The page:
The Change Formula – Start at the Top?

Most of the work I do involves business transformation, which inevitably involves change. For many, it’s their kryptonite. Whether or not they recognise the value of, and even participate in the events leading to the change, when the rubber hits the road, more often than not change is stalled due to one (or more) of the following conditions:

  • Lack of buy-in from the immediate group that needs to implement and practice the change.
  • No one has time to do things differently. Disruption requires overhead, even if the participants have spent x days in workshops inventing the plan for change.
  • Change doesn’t have a plan or objectives.
  • The tools or decisions required to progress do not exist.
  • There is no support from leaders/influencers/rule-makers.
  • There is no supporting community.

Roughly every excuse fits into one of those categories. John Moore (@JohnFMoore), one of (in my opinion) the more relevant Open Government/Gov 2.0 writers in the movement today, posted tonight a short opinion piece on change in the Open Government movement, related to discussion around the next US Depty CTO. John suggests that the change required to see sustainable progress in the Open Government movement requires support from leadership. He’s partially right, and it’s a discussion I hear over and over again, whether related to Open Government or any other initiative that is synonymous with change.

I have long held the opinion that sustainable change requires movement and progress on both levels. Without leadership buy-in and support to clear the way and create an environment that permits and enables change, transformational efforts are unlikely to be successful. However, just as important is what I often refer to as ‘guerrilla warfare’ – small, incremental grassroots activities that demonstrate success at the micro level and demonstrate to those that are most likely to be affected by the change that it is achievable and is worth the effort and is relevant to them.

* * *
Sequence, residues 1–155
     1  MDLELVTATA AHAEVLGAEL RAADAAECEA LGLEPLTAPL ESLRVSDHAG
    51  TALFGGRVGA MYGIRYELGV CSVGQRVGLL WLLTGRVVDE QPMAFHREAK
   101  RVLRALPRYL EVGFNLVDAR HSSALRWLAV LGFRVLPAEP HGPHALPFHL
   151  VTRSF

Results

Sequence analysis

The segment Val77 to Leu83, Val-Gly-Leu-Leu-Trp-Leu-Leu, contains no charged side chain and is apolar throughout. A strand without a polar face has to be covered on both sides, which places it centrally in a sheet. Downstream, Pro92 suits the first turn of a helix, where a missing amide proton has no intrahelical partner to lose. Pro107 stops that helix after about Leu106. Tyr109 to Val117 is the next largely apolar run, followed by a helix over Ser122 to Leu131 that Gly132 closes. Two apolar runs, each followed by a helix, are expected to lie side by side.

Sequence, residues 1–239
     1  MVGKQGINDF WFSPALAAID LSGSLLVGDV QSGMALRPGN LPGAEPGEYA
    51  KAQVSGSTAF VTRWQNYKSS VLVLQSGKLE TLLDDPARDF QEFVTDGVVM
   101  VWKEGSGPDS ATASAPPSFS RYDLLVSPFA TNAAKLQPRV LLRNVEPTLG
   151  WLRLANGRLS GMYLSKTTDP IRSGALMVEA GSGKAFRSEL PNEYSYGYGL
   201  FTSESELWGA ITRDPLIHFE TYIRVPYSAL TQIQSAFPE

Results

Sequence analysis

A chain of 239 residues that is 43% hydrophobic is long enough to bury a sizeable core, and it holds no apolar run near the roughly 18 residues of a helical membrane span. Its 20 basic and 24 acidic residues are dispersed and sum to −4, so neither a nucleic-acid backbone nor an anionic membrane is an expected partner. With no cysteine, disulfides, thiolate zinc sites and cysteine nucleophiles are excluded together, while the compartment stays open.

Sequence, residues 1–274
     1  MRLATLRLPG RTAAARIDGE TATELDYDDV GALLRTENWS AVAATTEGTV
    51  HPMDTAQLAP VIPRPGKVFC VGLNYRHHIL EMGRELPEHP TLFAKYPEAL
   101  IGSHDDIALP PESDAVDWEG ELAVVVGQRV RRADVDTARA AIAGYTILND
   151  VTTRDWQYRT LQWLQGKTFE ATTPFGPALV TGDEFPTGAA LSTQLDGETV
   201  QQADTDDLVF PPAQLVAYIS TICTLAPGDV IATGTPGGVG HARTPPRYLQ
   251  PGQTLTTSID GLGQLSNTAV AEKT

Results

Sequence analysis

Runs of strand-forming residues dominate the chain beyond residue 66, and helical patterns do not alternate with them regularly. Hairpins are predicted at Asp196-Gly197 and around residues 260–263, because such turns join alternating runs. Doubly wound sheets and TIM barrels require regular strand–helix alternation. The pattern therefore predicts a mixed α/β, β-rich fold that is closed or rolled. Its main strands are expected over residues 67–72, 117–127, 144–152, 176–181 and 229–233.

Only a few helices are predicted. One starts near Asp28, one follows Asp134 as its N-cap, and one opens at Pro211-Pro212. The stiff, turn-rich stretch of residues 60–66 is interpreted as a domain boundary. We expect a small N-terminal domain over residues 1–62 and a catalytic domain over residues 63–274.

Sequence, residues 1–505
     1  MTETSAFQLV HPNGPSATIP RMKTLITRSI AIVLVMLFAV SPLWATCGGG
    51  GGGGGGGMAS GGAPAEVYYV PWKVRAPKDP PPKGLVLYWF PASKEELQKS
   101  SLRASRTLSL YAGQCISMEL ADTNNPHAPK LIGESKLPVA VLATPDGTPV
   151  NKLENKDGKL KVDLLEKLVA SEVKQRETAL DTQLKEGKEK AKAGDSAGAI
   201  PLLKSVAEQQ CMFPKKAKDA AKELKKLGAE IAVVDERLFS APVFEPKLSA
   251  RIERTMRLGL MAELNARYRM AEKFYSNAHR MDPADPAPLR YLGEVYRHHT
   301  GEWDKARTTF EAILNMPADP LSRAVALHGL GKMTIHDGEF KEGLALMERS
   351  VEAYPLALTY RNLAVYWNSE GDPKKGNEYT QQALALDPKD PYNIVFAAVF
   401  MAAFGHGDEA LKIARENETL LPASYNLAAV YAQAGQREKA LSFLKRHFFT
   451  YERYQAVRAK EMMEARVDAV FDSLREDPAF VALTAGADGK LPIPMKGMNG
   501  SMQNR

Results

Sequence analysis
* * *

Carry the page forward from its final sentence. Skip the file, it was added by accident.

Far too often I have seen programs in place because there was a document circulated that outlines the leadership team’s strategic plan for a program or business unit, including initiatives that may very well resonate with the employees who are meant to deliver said programs but without involvement in the planning process, this employee group struggles to find its way in the program, and are left just implementing yet another directive.Speaking of social capabilities including alignment and trust… these are not perceived to exist in the top-down scenario and limit the longevity of the program.

Now, of course, organic bottom-up programs will often reach a limitation without the eventual support of the leadership, and it is appropriate for this group to pick up and support those initiatives that reach this threshold, or any others for that matter. But, timing of that lifecycle is important.

It is my belief that the recipe for success (or the best chance for success) involves organically grown initiatives that bubble up from the folks who have their hands dirty in the business of the organisation, whether that is public sector or otherwise, that are monitored and measured informally by the leadership through continual and open dialogue with the folks designing and driving the programs.

When it becomes clear that the initiative has traction and is generating interest or results, it is appropriate for the leadership to step in to help clear the path to support further growth and sustainability. These programs may become embedded within greater organisational initiatives, or become a foundation for new strategies. Of course, in order for this to happen, organisations need the foundations in place to ensure this flow and lifecycle can be perpetuated.